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I am implementing a 3d obj viewer like app and when I did a scaling on my object in the app (in OpenGL ES 1.x) it became lighter(scale down) and darker (when I scale up).

Is there a way for me to prevent this "changing of lighting" to happen? i.e. the same brightness uniformly through out.

I guess I have to do something to the lighting normals?

My Render method is as below:

void RenderingEngine::Render(const vector<Visual>& visuals, ivec2 screenSize) const
{
glClearColor(0.5f, 0.5f, 0.5f, 1);
glClear(GL_COLOR_BUFFER_BIT | GL_DEPTH_BUFFER_BIT);

vector<Visual>::const_iterator visual = visuals.begin();
for (int visualIndex = 0; visual != visuals.end(); ++visual, ++visualIndex) {

    // Set the viewport transform.
    ivec2 size = visual->ViewportSize;
    ivec2 lowerLeft = visual->LowerLeft;
    glViewport(lowerLeft.x, lowerLeft.y, size.x, size.y);

    // Set the light position.
    glMatrixMode(GL_MODELVIEW);
    glLoadIdentity();
    vec4 lightPosition(0.25, 0.25, 1, 0);
    glLightfv(GL_LIGHT0, GL_POSITION, lightPosition.Pointer());

    // Set the model-view transform.
    mat4 rotation = visual->Orientation.ToMatrix();
    mat4 translation = visual->Translate;
    mat4 scale;
    scale = scale.Scale(visual->Scale);
    rotation = rotation * scale;
    //mat4 modelview = rotation * m_translation;
    mat4 modelview = rotation * m_translation * translation;

    glLoadMatrixf(modelview.Pointer());

    // Set the projection transform.
    float h = 4.0f * size.y / size.x;
    mat4 projection = mat4::Frustum(-2, 2, -h / 2, h / 2, 5, 50);
    glMatrixMode(GL_PROJECTION);
    glLoadMatrixf(projection.Pointer());

    // Set the diffuse color.
    vec3 color = visual->Color * 0.75f;
    vec4 diffuse(color.x, color.y, color.z, 1);
    glMaterialfv(GL_FRONT_AND_BACK, GL_DIFFUSE, diffuse.Pointer());

    // Draw the surface.
    int stride = 2 * sizeof(vec3);
    const GLvoid* normalOffset = (const GLvoid*) sizeof(vec3);
    const Drawable& drawable = m_drawables[visualIndex];
    glBindBuffer(GL_ARRAY_BUFFER, drawable.VertexBuffer);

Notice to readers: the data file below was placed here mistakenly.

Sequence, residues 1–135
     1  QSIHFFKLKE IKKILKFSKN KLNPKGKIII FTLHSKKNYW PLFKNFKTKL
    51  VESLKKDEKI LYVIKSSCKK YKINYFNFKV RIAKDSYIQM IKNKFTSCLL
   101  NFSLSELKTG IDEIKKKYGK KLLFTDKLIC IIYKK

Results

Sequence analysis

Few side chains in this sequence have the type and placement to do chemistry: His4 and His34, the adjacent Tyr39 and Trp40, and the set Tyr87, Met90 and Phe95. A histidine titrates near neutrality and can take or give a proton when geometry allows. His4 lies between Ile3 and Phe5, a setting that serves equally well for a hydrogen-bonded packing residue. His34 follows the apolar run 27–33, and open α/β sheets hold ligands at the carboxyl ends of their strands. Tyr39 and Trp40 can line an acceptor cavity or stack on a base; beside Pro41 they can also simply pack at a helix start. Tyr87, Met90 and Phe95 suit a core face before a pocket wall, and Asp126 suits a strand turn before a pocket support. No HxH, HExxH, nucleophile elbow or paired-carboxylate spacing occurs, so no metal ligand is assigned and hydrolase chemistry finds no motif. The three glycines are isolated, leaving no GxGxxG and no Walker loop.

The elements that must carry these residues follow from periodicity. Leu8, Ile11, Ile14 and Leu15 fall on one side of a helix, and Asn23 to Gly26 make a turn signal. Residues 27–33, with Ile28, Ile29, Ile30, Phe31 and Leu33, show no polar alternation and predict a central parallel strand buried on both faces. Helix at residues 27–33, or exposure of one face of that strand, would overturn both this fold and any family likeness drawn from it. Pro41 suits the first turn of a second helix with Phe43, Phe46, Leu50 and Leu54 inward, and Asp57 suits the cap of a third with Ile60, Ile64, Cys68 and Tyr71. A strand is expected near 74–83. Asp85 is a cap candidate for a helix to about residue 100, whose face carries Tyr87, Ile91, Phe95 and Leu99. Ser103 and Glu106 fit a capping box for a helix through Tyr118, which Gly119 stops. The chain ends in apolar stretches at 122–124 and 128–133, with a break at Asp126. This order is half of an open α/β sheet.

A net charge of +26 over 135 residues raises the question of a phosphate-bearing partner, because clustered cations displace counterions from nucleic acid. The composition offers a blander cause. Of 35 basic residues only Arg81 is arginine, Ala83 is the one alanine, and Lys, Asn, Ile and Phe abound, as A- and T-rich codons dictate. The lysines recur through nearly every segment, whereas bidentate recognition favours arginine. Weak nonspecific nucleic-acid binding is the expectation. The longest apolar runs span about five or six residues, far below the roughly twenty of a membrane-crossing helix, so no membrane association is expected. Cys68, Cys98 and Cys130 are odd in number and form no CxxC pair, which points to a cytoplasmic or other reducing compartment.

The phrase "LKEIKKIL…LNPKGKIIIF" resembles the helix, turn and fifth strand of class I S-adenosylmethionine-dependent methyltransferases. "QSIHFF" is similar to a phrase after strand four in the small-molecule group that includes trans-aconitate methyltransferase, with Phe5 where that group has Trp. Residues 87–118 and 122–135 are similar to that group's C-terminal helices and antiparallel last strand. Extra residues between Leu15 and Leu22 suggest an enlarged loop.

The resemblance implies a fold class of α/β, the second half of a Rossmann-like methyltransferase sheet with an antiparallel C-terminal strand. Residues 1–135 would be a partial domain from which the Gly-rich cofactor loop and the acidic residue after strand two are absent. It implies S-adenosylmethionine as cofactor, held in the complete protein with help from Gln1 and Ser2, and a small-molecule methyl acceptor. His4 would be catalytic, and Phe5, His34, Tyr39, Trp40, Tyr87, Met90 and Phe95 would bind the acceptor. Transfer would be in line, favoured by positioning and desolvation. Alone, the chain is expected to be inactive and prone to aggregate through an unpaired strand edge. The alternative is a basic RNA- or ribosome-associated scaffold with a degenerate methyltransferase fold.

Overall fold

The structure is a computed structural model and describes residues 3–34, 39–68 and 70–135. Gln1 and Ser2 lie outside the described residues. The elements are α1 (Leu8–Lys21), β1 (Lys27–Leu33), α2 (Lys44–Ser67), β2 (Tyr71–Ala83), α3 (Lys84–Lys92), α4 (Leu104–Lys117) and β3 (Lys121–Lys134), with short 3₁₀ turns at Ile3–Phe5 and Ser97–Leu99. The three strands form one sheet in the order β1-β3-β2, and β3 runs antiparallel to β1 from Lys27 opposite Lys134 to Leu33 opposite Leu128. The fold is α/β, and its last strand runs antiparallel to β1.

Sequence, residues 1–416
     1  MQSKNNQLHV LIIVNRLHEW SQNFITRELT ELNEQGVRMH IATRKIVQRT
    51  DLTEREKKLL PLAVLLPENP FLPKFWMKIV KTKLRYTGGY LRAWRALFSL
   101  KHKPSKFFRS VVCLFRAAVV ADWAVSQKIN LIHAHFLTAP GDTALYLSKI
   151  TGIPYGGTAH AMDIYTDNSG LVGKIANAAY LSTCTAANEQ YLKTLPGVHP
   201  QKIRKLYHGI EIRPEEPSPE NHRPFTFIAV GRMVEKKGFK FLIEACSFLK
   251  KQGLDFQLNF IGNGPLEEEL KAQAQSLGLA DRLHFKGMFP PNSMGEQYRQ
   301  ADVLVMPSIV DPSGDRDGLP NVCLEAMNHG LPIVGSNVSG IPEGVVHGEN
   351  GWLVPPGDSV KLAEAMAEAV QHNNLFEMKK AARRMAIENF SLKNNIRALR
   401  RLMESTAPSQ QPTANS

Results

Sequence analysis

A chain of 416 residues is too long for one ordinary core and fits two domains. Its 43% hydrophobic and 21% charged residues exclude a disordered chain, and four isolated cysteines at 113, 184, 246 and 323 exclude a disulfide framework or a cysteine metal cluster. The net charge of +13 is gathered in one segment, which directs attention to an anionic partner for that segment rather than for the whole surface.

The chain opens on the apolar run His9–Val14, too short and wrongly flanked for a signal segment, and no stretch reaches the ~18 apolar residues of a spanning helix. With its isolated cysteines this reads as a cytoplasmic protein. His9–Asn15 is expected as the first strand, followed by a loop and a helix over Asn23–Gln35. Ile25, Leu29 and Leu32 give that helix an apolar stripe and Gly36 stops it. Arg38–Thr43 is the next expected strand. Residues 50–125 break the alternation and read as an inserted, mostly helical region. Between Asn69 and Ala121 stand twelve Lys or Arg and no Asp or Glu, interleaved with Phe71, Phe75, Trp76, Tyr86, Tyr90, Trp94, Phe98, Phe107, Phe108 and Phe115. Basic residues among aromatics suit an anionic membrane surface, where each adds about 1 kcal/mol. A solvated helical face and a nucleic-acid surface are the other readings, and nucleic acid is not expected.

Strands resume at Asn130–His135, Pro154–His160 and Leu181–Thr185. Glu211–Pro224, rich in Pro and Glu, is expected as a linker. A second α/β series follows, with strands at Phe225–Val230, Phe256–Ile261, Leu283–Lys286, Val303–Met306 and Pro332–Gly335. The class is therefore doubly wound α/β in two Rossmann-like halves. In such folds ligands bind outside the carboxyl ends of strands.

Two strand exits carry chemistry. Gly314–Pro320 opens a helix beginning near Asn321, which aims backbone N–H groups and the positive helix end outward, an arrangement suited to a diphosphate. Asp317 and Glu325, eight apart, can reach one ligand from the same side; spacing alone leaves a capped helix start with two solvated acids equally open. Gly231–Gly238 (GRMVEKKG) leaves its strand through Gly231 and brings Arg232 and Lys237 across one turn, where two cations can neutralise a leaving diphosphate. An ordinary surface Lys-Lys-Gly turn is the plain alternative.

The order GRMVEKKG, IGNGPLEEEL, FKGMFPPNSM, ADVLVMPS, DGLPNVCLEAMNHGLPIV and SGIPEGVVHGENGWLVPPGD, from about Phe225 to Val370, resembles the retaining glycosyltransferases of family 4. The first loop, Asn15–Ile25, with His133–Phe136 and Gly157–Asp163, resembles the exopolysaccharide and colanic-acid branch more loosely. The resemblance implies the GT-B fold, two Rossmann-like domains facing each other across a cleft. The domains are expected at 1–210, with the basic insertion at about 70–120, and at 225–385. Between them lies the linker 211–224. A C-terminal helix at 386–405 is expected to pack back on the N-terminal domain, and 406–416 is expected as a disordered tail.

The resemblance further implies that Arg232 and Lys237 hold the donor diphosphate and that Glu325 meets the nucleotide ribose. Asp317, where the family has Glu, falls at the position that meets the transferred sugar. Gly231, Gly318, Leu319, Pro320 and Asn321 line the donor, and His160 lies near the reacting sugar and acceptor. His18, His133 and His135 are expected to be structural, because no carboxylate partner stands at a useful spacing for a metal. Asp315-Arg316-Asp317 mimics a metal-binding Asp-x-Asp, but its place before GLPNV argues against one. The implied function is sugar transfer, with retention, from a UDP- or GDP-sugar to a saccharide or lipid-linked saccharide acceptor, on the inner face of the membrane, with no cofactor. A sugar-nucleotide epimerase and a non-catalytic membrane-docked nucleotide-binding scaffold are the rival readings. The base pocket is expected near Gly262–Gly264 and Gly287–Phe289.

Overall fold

glVertexPointer(3, GL_FLOAT, stride, 0);
    glNormalPointer(GL_FLOAT, stride, normalOffset);
    glBindBuffer(GL_ELEMENT_ARRAY_BUFFER, drawable.IndexBuffer);
    glDrawElements(GL_TRIANGLES, drawable.IndexCount, GL_UNSIGNED_SHORT, 0);
}
}
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2 Answers 2

First off, apply your rotation and scale matrices BEFORE your tranlation matrix(or matrices). So... instead of this:

rotation = rotation * scale;
//mat4 modelview = rotation * m_translation;
mat4 modelview = rotation * m_translation * translation;

Do this:

rotation = rotation * scale;
//mat4 modelview = rotation * m_translation;
mat4 modelview = m_translation * translation * rotation;

Secondly, why do you have two translation matrices? You should just need one matrix to transition your object vertices from object space into world space.

Third, why are you creating a normal matrix? Unless you are modifying normals for some sheared object post rotate, I don't really see any reason to do so. You can rotate the normals for your object using the same rotation matrix you use for your vertices.

share|improve this answer
    
Regarding your last question, I am truly sorry! As I have both implementation of ES1.x and ES2.x for device compatibility, I had accidentally attached the codes from my ES2.x render method instead of the ES1.x codes which I intended to. I had made the necessary editing to the question. –  Ekthene Feb 28 '13 at 5:26
    
Firstly the reason why I placed the rotation matrix after the translation is because my app is something similar to a 3d obj viewer. where i load a .obj file and view it with some multi-touch gestures. I apologize as I did not mention this earlier. –  Ekthene Feb 28 '13 at 5:30
    
Secondly, as it is a 3d obj viewer, I did a translation to bring the object 'behind' the screen i.e. m_translation and following which, during app run time, I will translate the model using 'translation' from user input hence the two different translation matrixes. –  Ekthene Feb 28 '13 at 5:32
    
Oh, ok that makes much more sense. Are you applying a translation matrix to your normals? Because they should only be multiplied by a rotation matrix. –  Sir Digby Chicken Caesar Feb 28 '13 at 5:59
    
I did not apply any transformation directly to the normals, but I can't be too sure if I did so indirectly.. as I am still pretty new to the subject. Anyway, I had just found a solution to the problem. I enable the opengl function to normalize the normals to unit length. Although it might incur some performance hit at least it solved the issue on hand. Thanks for your time and responses! –  Ekthene Feb 28 '13 at 8:05
up vote 0 down vote accepted

This solution works for me. So I'll be sharing this for any newbies to the subject who run into the same problem as me.

Use:

glEnable(GL_NORMALIZE);

to always normalize the surface normals to unit length.

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1  
This might incur some performance hit though.. –  Ekthene Feb 28 '13 at 8:10

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